On November 2, 1969, just 4 months after the Stonewall riots Craig Rodwell, his partner Fred Sargeant, Ellen Broidy, and Linda Rhodes of the newly formed Gay Liberation Front proposed the first “gay pride parade” which was then called the “CHRISTOPHER STREET LIBERATION DAY MARCH.” to be held in New York City by way of a public resolution at the Eastern Regional Conference of Homophile Organizations (ERCHO) which meeting in Philadelphia.
Using Philadelphia’s smaller Annual Reminder protest which happened every year on the Fourth of July in front of Freedom Hall Rodwell, Sargeant, Broidy, and Rhodes proposed the following to ECHO:
We propose that a demonstration be held annually on the last Saturday in June in New York City to commemorate the 1969 spontaneous demonstrations on Christopher Street and this demonstration be called CHRISTOPHER STREET LIBERATION DAY. No dress or age regulations shall be made for this demonstration.
We also propose that we contact Homophile organizations throughout the country and suggest that they hold parallel demonstrations on that day. We propose a nationwide show of support.
All at the meeting voted in favor of the march except for the Mattachine Society of New York City, which abstained. (HYMN).
Meetings to organize the march began in early January at Rodwell’s apartment in 350 Bleeker Street not far from the site of the Stonewall bar. At first, there was major difficulty getting some New York organizations like the Gay Activists Alliance (GAA) to send representatives. In the end, Rodwell , Sargeant, and Broidy, along with Michael Brown, Marty Nixon, Brenda Howard of the Gay Liberation Front, and Foster Gunnison of the Mattachine Society made up the core group
For funding Gunnison sought donations from the national homophile organizations and sponsors, while Rodwell and Sargeant solicited donations via the Oscar Wilde Memorial Bookshop customer mailing list. Nixon worked to gain financial support from GLF in his position as treasurer for that organization. Believing that more people would turn out for the march on a Sunday they scheduled the date for Sunday, June 28, 1970, the 1st. anniversary of the Stonewall riots.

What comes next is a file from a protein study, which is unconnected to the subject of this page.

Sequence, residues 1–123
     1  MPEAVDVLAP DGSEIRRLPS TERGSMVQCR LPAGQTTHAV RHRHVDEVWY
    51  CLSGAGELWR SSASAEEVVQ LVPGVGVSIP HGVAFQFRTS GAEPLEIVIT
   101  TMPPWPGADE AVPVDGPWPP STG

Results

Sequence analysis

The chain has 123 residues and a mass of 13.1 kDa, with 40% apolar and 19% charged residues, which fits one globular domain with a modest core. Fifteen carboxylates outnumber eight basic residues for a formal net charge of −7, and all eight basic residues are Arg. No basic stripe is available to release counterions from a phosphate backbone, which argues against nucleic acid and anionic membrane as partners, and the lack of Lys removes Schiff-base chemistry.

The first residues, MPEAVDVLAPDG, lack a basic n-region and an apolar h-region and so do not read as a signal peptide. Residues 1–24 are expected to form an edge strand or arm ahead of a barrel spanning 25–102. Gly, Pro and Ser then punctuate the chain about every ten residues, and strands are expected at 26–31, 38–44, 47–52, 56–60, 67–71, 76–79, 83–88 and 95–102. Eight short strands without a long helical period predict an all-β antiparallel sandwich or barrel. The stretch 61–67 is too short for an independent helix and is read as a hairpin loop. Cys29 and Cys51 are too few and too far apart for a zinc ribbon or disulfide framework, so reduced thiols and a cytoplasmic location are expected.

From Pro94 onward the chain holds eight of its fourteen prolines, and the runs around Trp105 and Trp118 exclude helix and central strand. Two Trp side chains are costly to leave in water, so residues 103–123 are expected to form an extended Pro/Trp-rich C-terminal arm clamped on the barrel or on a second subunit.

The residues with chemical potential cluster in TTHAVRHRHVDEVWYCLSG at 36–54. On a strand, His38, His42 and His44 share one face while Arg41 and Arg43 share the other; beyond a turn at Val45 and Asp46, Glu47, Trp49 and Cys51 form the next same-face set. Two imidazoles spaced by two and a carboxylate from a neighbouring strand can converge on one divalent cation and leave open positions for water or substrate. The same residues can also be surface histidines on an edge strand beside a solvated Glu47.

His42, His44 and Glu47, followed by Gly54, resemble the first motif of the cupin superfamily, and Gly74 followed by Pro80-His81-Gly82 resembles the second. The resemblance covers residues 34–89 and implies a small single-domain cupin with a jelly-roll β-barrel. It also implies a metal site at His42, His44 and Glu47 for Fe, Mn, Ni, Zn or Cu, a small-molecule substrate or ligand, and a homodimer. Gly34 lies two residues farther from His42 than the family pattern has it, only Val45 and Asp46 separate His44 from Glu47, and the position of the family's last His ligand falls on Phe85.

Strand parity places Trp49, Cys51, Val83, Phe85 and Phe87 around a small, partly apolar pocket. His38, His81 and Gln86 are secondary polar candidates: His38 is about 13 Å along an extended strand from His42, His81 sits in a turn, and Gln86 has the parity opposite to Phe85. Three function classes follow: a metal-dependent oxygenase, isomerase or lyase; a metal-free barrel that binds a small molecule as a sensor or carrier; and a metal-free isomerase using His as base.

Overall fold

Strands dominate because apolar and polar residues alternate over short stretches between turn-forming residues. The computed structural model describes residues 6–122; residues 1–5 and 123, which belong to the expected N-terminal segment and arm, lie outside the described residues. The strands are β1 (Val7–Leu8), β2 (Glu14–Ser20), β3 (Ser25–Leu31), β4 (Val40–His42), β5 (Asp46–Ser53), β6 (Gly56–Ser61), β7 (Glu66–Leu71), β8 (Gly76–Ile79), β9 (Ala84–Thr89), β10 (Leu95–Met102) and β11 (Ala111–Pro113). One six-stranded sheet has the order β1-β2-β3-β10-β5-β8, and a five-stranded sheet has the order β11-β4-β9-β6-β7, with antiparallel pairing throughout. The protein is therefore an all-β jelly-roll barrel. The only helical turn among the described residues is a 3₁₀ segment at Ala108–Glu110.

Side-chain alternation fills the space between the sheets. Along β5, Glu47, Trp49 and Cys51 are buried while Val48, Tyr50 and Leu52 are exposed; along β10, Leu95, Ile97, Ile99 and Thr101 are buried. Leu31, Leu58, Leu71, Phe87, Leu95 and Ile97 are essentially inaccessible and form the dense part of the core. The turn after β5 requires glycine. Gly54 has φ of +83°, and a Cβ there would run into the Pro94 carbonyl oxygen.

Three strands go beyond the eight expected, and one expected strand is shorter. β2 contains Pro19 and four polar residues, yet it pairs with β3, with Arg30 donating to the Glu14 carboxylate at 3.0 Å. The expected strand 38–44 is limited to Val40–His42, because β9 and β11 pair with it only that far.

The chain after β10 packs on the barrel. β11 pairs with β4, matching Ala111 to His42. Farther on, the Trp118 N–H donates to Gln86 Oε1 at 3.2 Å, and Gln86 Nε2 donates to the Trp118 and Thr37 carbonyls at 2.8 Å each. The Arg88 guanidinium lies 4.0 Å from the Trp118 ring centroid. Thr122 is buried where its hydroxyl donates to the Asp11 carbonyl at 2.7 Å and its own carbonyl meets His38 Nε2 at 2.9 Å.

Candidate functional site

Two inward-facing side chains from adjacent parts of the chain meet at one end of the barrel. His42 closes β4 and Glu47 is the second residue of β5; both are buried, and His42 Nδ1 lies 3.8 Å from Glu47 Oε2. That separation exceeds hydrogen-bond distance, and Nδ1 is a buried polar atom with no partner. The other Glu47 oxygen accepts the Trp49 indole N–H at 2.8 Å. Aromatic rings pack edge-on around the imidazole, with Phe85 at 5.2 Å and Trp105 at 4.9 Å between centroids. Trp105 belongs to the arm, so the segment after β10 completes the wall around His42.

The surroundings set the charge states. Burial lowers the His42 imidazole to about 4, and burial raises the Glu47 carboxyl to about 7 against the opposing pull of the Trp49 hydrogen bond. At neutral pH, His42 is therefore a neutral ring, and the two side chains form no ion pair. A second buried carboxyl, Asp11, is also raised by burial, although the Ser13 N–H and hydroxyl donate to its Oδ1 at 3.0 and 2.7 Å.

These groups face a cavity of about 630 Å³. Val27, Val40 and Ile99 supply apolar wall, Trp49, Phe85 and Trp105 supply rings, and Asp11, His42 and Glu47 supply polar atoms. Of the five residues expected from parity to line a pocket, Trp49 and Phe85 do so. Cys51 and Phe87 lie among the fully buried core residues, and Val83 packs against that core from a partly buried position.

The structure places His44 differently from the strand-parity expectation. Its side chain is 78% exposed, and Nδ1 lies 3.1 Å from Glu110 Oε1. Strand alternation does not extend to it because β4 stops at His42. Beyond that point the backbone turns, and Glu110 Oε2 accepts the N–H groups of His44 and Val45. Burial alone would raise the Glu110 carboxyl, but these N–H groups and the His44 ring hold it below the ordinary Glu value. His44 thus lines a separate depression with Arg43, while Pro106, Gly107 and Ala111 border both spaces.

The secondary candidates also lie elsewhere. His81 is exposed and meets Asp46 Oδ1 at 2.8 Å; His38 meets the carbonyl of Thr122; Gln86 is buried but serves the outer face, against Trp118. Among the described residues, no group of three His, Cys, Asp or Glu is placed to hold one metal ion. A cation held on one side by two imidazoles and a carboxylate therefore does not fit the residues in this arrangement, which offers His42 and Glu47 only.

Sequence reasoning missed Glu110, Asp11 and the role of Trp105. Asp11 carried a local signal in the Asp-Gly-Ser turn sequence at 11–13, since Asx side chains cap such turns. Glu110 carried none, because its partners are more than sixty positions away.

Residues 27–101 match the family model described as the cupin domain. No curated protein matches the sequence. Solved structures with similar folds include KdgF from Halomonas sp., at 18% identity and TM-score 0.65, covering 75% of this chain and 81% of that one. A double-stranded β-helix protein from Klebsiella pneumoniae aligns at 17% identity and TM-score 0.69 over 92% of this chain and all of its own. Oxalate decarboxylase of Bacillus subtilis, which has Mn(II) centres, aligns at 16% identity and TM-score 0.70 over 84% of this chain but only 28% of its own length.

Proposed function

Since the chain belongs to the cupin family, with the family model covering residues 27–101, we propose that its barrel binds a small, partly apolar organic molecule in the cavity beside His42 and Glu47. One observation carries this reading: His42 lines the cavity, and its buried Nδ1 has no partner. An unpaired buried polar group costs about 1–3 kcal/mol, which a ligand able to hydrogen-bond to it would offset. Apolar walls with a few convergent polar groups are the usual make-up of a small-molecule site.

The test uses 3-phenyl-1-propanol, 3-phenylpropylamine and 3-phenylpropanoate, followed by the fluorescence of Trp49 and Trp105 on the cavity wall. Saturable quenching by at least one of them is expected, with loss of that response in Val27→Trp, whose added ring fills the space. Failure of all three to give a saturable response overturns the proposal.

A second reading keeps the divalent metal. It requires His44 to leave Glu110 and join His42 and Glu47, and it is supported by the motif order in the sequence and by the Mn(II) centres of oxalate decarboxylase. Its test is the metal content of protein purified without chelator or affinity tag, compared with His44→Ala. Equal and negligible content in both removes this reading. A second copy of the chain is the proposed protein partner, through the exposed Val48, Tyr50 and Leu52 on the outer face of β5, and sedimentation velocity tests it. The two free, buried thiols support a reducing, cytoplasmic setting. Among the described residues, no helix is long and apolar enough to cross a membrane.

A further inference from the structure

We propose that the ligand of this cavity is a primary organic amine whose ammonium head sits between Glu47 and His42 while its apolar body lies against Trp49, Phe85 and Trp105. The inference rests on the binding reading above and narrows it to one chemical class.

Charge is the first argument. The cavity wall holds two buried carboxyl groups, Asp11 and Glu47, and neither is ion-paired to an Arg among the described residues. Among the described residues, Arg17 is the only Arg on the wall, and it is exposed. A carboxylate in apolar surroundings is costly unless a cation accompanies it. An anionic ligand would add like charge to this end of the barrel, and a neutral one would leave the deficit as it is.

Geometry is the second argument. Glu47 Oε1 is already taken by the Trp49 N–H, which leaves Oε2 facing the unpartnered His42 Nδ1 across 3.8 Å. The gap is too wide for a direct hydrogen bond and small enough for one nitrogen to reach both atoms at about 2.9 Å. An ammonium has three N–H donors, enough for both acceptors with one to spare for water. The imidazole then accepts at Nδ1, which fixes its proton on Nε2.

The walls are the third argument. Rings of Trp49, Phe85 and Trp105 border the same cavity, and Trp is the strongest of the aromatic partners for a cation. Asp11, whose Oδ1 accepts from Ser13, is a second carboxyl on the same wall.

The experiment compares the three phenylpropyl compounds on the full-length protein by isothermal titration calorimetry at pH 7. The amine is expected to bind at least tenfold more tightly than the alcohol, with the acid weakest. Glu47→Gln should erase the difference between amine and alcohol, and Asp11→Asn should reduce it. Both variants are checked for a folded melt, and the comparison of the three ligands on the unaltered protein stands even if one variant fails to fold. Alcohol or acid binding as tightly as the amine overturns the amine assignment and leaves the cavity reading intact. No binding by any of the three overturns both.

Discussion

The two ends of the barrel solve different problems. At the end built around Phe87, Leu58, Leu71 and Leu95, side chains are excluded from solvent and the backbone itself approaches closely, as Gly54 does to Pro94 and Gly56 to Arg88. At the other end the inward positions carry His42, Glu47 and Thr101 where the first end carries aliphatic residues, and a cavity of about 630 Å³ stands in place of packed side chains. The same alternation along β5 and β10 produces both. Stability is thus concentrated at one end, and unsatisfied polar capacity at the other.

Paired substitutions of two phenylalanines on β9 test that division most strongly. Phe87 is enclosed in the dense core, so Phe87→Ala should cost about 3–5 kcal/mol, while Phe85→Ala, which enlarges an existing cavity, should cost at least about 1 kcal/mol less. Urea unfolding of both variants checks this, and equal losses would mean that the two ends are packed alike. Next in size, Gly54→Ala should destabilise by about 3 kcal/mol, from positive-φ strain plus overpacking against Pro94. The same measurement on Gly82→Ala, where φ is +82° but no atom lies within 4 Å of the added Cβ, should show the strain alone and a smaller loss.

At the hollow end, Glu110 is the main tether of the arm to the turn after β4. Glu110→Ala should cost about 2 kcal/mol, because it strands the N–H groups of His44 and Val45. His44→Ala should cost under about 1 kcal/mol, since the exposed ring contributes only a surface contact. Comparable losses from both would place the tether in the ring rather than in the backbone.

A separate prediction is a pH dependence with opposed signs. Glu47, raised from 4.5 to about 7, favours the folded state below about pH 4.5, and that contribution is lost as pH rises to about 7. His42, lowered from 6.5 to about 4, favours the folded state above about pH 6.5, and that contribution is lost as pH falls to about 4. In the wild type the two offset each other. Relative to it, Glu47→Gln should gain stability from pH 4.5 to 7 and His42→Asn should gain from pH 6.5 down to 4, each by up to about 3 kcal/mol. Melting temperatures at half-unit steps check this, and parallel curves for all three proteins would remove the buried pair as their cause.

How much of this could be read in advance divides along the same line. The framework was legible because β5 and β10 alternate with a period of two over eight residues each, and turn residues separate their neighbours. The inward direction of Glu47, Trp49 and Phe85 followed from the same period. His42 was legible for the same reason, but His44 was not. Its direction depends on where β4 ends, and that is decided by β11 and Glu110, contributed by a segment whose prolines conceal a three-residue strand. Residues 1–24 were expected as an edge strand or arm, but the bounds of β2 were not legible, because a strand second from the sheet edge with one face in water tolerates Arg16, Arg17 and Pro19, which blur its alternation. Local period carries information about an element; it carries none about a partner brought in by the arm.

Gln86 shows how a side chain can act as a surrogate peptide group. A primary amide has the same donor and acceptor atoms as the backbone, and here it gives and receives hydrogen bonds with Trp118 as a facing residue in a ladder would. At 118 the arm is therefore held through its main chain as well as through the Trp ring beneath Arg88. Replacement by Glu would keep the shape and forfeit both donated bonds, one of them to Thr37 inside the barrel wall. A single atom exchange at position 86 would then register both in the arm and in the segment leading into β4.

The parade route covered 51 blocks from Christopher Street to Central Park ending in a “Gay-In” in Sheep’s Meadow.
On the same weekend, gay activist groups on the West Coast held a march in Los Angeles on June 28, 1970, and a march and ‘Gay-in’ in San Francisco.
In Los Angeles, Morris Kight (Gay Liberation Front LA founder), Reverend Troy Perry (Universal Fellowship of Metropolitan Community Churches founder), and Reverend Bob Humphries (United States Mission founder) gathered to plan a commemoration. They settled on a parade down Hollywood Boulevard. But securing a permit from the city was no easy task. They named their organization Christopher Street West.” But they had more difficulty with Los Angeles than New York City. Rev. Perry recalled the Los Angeles Police Chief Edward M. Davis telling him, “As far as I’m concerned, granting a permit to a group of homosexuals to parade down Hollywood Boulevard would be the same as giving a permit to a group of thieves and robbers.” Grudgingly, the Police Commission granted the permit, though fees were exceeding $1.5 million. After the American Civil Liberties Union stepped in, the commission dropped all its requirements but a $1,500 fee for police service. That, too, was dismissed when the California Superior Court ordered the police to protect as they would any other group. The eleventh-hour California Supreme Court decision ordered the police commissioner to issue a parade permit citing the “constitutional guarantee of freedom of expression.” From the beginning, L.A. parade organizers and participants knew there were risks of violence. Kight received death threats right up to the morning of the parade. Unlike what we see today, the first gay parade was very quiet. The marchers convened on McCadden Place in Hollywood, marched north, and turned east onto Hollywood Boulevard. The Advocate reported, “Over 1,000 homosexuals and their friends staged, not just a protest march, but a full-blown parade down world-famous Hollywood Boulevard.”
The first marches were both serious protests and fun, they served to inspire the widening activist movement. The marches were repeated in the following years, and more and more pride marches started up in other cities throughout the world. In Atlanta and New York City, the marches were called Gay Liberation Marches, and the day of celebration was called “Gay Liberation Day”; in Los Angeles and San Francisco they became known as ‘Gay Freedom Marches’ and the day was called “Gay Freedom Day”. As more cities and even smaller towns began holding their celebrations, these names spread and evolved.
In the 1980’s there was a cultural shift in the gay movement. Activists of a less radical nature took over, mostly due to the advent of big organizations like the HRC and also because of the AIDS crisis which took the lives of so many of the original activists. At this point many groups started dropping the original “Gay Liberation” and “Gay Freedom” from the names, replacing them with “Gay Pride”.
Watch the rare video below of the first Christopher Street Liberation Day Parade which took place on June 28, 1970.